Friday, February 24, 2006

Latest Iranian nuttiness

In this MEMRI translation, an Iranian professor, Hasan Bolkari, gets his facts screwed up:

"There is a cartoon that children like. They like it very much, and so do adults - Tom and Jerry....
Some say that this creation by Walt Disney [sic] will be remembered forever. The Jewish Walt Disney Company gained international fame with this cartoon. It is still shown throughout the world. This cartoon maintains its status because of the cute antics of the cat and mouse - especially the mouse. "

Two problems:

1) Walt Disney was not Jewish. (Disney and Howard Hughes were just about the only major Hollywood studio magnates who were Gentiles back then, but facts are facts.)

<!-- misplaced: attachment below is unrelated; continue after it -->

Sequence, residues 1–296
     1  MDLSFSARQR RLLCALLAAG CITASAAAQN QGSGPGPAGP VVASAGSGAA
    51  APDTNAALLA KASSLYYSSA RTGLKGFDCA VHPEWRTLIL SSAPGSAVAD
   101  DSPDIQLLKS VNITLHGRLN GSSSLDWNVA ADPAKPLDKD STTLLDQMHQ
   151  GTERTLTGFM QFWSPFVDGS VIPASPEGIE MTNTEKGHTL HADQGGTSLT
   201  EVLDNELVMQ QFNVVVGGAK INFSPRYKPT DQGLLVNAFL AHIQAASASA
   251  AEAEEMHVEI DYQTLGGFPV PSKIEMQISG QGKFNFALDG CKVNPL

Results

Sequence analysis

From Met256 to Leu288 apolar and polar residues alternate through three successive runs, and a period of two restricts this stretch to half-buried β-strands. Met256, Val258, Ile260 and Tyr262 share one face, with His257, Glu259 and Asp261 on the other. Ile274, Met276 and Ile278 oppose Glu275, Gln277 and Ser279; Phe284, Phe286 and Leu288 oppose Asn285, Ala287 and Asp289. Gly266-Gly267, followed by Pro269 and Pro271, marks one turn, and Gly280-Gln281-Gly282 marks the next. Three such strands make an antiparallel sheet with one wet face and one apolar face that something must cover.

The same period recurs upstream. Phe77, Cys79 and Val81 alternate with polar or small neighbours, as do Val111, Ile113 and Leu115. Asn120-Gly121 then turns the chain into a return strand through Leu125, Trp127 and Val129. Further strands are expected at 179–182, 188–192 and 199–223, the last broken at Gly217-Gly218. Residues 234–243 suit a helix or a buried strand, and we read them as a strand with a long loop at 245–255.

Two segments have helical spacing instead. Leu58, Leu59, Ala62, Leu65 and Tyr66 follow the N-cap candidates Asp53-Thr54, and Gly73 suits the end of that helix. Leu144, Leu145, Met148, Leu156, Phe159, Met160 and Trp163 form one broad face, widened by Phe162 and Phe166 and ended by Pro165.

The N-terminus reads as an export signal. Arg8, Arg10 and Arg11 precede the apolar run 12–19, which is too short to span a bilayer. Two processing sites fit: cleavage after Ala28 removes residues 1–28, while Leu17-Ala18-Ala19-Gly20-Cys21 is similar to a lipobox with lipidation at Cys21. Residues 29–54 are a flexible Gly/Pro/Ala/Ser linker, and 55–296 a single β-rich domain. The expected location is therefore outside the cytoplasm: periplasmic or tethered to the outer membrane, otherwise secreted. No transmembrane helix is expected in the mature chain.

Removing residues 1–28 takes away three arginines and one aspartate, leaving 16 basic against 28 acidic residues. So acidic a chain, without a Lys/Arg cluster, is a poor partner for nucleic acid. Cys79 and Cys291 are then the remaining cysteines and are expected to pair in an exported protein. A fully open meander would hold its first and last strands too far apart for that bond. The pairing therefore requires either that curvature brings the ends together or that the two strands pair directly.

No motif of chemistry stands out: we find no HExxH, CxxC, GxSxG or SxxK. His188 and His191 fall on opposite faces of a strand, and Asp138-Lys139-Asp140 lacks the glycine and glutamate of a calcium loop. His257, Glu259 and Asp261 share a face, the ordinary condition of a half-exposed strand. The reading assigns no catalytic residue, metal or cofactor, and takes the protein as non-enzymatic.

2) Tom and Jerry were MGM cartoon characters, not Disney cartoon characters.

For the 1945 movie, "Anchors Aweigh", Gene Kelly dances with Jerry Mouse for about 4 minutes. MGM had wanted Kelly to dance with Mickey Mouse, but Mickey was under contract to Disney and the studio owner would not permit him to appear in an MGM film.

This would all be laughable if the Iranians were not so dangerous.

Thursday, February 23, 2006

Respect for leaders

"You shall not curse a judge, and you shall not curse a leader among your people." -Exodus 22:27, from this weeks parsha Mishpatim.

I read this as a strong warning about appropriate conduct and demenor for those of us who express political views. Whether it is George W. Bush or Ariel Sharon or Ehud Olmert, the natural way to interpret this passage is that we should treat them with respect and assume they are /trying to do the right thing even if we think they are wrong.

And that is hard. I've expressed negative views toward George W. Bush many times, most recently